Big data is to the information age what the steam engine was to the industrial revolution. From expanding user intelligence to improving operational efficiencies, big data has revolutionised market places.
IDC predicts that by 2020 we will create 44 zettabytes, or 44 trillion gigabytes, of data annually. To transform big data into information that drives business value it needs to be analysed. Unsurprisingly, crunching big data requires seriously big compute and a solid infrastructure to support it.
The data boom
Our insatiable desire for data insights did not begin with big data. If we look back to the 90s tech boom, business intelligence (BI) tools were the new big thing. BI allowed organisations to report and analyse company data, but unfortunately these systems were confined to dedicated data warehouses running specialist servers. As a result, conducting BI was too expensive and technical for the majority of enterprises.
>See also: Beneath big data: building the unbreakable
The internet created a data boom which further propelled the cost of storing and processing data. In 1997, the term ‘big data’ was used for the first time, as NASA researchers claimed the rise of big data was an issue for current computer systems.
Hadoop was created in 2006 out of the necessity for new systems to handle the explosion of data from the web. Hadoop disrupted the market by enabling large data sets to be analysed on commodity hardware, delivering significant cost savings and scalability to businesses.
Having this ability to run data analytics on commodity hardware, coupled with the fact Hadoop is open source, levelled the playing field and allowed more organisations to start applying analytics to their data. Yet even though more companies could use commodity servers, as big data demands grew, so did capacity demands, creating a new set of big data challenges.
The rise of cloud has been as transformational as the evolution of big data, so combining the two technologies presents a logical and powerful proposition. However, despite the clear benefits of scalability and reduced capex investment, it was not until 2010 that the first cloud-based solutions appeared.
Now they are being adopted with gusto. The cloud diminished the significant upfront investments required for data centres and enables companies to pay for IT infrastructure as required.
Cloud computing offers a cost-effective way to support big data technologies and the analytics that drive business value. As well as delivering reduced overheads, through the automation of components required for big data execution, cloud servers could also be scaled out on processing requirements, facilitating big data deployments.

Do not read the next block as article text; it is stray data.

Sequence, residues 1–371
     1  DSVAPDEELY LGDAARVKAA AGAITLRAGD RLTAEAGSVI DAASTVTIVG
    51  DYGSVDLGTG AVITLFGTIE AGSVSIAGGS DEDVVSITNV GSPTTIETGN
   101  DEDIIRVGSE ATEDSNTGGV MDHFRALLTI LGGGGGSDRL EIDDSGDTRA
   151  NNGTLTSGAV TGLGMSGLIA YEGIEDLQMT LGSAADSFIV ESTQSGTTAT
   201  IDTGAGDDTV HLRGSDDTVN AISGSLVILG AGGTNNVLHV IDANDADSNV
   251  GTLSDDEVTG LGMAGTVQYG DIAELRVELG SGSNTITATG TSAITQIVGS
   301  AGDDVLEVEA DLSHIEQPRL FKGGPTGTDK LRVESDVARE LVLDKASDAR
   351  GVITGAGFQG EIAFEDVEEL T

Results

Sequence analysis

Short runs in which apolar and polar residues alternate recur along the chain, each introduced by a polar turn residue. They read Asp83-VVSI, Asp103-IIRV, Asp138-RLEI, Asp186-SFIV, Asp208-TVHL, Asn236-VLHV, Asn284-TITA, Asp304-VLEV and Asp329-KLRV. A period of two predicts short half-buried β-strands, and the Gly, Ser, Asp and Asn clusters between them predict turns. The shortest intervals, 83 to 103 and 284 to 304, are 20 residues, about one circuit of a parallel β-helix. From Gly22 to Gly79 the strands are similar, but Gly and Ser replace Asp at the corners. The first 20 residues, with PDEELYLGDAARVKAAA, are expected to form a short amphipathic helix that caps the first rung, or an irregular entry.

Big data processing often requires huge compute power for brief instances and consequently requires rapid server, known as virtual machine (VM), provisioning. It is unsurprising therefore that IDC predicted that cloud infrastructure would be the fastest growing sub-segment of the big data market, with a compound annual growth rate of nearly 50% between 2013 and 2017.
Not all clouds are created equal
While the cloud has enabled lower management and costs that have helped to make big data more efficient and effective, there are still a number of inefficiencies creeping through.
While VMs in the cloud can quickly be setup, they require constant monitoring to do so. As a result, during the processing of big data, the amount of compute required needs to be estimated and VMs established accordingly. Compute demand can be difficult to predict and as a result big data projects can often be under or over provisioned.
If a company’s estimations are out, VMs can overload and crash. As a result, companies usually opt on the side of caution and provision more VMs than they are likely to use. Therefore, traditional cloud big data deployments still tend to waste money.
Research has shown that at best VMs are 50% utilised by typical workloads. This means that customers running servers for testing and development could save a minimum of 50% through using auto-scaling containers, rather than fixed-size VMs.
Innovative containerised servers, or containers, instantly scale with load. Unlike other cloud servers, they fluidly scale to exactly the size necessary to deal with current load. As a result, no manual admin work or complex tools are needed to scale servers, saving resources and promoting usability.
>See also: Capitalising on the power of big data
Furthermore, as containers are auto-scaling, their usage is monitored and can enable utility-style, usage-based billing. This means that businesses only pay for what they use, rather than rigid capacity increments – so companies can scale as needed without having to worry about the cost of over-provisioning.
Containers are more suited to big data deployments as they flexibly scale to load and enable usage-based billing. saving significant costs for businesses. In light of this, containers are rightly heralded as the latest technology to harness the big data deployments of the future.
Sourced from Richard Davies, CEO, ElasticHosts